As an artistic form, the picket sign is one often appropriated by designers and artists as its handmade aesthetic encourages and solicits individual participation. The project Signs that say what you want them to say and not Signs that say what someone else wants you to say by British conceptual artist Gillian Wearing is an example. Standing in a busy area of London, Wearing asked people to write down what was on their mind. The project evolved into a series of photographs of people holding their signs. A wide range of thoughts where expressed, from intimate thoughts to strong opinions on Britain’s economic decline in the ’90s. The form of the sign served as a vehicle for expressing private identity in a public arena.
The act of picketing also implies actions performed in space. In The Near Future is a performance-based project by artist Sharon Hayes enacted in sites associated historically with public protests, namely Brussels, London, New York, Paris, Vienna, and Warsaw. Hayes appropriated the tools of public demonstration by staging “anachronistic and speculative” protest actions in these cities. The texts she used in her signs are derived from past and current acts of public speech and protest. The form of the picket sign was used as a means of investigating the figure of the protester and his or her relationship to politics, public space, and public speech.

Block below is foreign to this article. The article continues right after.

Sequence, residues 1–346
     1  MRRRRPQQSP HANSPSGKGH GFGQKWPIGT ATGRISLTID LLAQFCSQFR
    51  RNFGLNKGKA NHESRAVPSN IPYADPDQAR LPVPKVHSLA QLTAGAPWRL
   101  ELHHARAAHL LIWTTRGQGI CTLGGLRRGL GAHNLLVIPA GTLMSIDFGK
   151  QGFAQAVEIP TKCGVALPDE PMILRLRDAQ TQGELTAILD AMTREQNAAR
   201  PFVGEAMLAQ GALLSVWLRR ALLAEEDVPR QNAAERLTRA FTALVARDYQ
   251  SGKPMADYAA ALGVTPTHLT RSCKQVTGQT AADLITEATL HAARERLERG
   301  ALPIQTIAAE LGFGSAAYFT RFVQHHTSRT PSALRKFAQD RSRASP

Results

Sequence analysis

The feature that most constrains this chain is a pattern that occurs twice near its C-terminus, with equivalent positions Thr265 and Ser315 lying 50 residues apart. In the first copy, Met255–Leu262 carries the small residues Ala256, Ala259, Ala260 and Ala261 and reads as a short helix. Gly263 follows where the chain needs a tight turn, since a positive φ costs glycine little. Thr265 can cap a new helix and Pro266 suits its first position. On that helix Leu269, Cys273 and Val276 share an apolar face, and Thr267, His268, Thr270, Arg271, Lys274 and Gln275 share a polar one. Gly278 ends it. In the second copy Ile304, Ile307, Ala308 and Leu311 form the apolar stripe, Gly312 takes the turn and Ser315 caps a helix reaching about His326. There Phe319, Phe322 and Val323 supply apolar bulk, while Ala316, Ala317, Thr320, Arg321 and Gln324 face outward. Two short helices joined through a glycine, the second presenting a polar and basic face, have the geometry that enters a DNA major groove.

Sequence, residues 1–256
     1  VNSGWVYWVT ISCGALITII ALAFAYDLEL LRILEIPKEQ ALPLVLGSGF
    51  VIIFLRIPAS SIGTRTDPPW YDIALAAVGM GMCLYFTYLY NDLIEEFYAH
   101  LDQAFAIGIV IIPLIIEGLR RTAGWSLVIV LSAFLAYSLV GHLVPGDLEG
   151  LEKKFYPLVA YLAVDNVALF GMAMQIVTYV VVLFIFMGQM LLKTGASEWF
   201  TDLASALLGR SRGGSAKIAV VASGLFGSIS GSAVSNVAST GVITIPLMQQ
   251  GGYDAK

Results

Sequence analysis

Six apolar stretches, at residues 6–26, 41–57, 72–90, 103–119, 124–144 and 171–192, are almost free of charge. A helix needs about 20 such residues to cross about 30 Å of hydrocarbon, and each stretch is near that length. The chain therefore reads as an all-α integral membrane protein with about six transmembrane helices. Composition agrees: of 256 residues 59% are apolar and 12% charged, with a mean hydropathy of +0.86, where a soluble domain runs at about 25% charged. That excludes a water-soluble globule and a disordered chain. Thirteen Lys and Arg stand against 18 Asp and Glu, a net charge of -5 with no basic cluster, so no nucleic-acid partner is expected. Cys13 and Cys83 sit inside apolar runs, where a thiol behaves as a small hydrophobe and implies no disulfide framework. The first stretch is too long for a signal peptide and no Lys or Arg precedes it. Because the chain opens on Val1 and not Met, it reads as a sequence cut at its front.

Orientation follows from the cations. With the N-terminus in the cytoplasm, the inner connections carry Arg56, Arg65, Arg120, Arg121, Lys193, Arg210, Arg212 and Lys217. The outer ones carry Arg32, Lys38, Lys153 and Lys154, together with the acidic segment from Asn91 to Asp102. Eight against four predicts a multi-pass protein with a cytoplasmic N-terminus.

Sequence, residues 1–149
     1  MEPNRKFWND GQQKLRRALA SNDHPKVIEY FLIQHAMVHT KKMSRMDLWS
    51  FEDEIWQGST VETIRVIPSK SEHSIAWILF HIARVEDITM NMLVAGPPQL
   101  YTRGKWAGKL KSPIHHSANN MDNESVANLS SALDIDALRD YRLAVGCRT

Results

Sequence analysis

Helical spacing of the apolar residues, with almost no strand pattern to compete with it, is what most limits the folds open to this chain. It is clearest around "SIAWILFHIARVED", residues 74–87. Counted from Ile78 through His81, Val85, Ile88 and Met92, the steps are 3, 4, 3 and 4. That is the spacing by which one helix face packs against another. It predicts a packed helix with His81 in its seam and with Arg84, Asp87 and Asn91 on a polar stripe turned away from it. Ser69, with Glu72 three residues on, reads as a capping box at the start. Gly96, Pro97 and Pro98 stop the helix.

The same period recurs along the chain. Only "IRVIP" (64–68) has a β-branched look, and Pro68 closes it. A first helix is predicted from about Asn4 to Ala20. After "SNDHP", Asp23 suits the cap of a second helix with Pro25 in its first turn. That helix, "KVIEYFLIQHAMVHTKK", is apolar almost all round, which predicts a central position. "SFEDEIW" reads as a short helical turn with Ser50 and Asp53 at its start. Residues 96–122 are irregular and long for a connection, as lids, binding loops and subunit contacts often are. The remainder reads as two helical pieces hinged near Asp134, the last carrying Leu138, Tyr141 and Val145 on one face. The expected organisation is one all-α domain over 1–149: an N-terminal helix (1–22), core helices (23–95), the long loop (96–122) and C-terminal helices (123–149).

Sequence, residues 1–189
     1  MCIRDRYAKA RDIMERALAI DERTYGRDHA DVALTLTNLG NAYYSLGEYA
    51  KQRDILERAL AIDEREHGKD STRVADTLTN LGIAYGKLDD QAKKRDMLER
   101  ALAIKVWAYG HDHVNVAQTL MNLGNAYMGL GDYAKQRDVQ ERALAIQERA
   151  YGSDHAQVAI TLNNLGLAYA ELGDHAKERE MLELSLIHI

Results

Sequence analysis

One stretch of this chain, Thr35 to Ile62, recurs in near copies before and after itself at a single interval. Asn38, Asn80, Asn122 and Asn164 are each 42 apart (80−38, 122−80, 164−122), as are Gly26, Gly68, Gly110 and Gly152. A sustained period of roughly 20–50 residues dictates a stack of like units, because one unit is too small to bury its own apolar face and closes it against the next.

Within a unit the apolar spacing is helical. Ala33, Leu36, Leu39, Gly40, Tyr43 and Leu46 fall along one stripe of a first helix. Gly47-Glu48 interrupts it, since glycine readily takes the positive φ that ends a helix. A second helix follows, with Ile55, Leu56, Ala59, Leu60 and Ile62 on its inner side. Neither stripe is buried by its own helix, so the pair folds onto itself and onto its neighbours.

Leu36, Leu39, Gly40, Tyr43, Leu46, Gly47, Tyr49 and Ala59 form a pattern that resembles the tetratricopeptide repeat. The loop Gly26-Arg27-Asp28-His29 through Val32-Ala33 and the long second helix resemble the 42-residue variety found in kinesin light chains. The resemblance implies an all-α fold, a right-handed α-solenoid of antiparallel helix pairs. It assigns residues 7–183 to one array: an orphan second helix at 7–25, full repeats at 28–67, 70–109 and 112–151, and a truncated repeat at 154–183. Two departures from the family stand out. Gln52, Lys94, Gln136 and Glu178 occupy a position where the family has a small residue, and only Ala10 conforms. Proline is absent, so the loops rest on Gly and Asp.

The picket sign is a public form that allows for multiple voices within the context of a single cause. Once characterized by their site-specific quality, picket signs have evolved alongside our changing understanding of space. Recent global events, such as Occupy Wall Street and the Arab Spring, are evidence of our altered idea of space as the physical expands into the digital and the site-specific extends to the global. The Occupy Wall Street related blog We are the 99 is an example of the extension of public physical space into the digital realm. Some have described it as “virtual picketing” as contributors upload photographs of themselves holding personal messages and handwritten signs. In this way, the blog becomes the extension of the site where individuals congregate to form their picket.
Wall Street Protest: Signs, The New Yorker, October 2011
The 50 Best Picket Signs of 2009, BuzzFeed, 2009
All the Angry People, The New Yorker, George Packer
Your right to peaceful protest, Your Rights: The Liberty Guide to Human Rights, January 2012
“Picketing”, Dictionary of American History, 2003
Tabletops on the cover of the Holt Basic Reading System
A tabletop is a collection of physical objects, arranged on top of a table or elsewhere. It can be a three-dimensional still life that exists as an installation in its own right, or it can be documented photographically as a means of bringing physicality into two-dimensional space.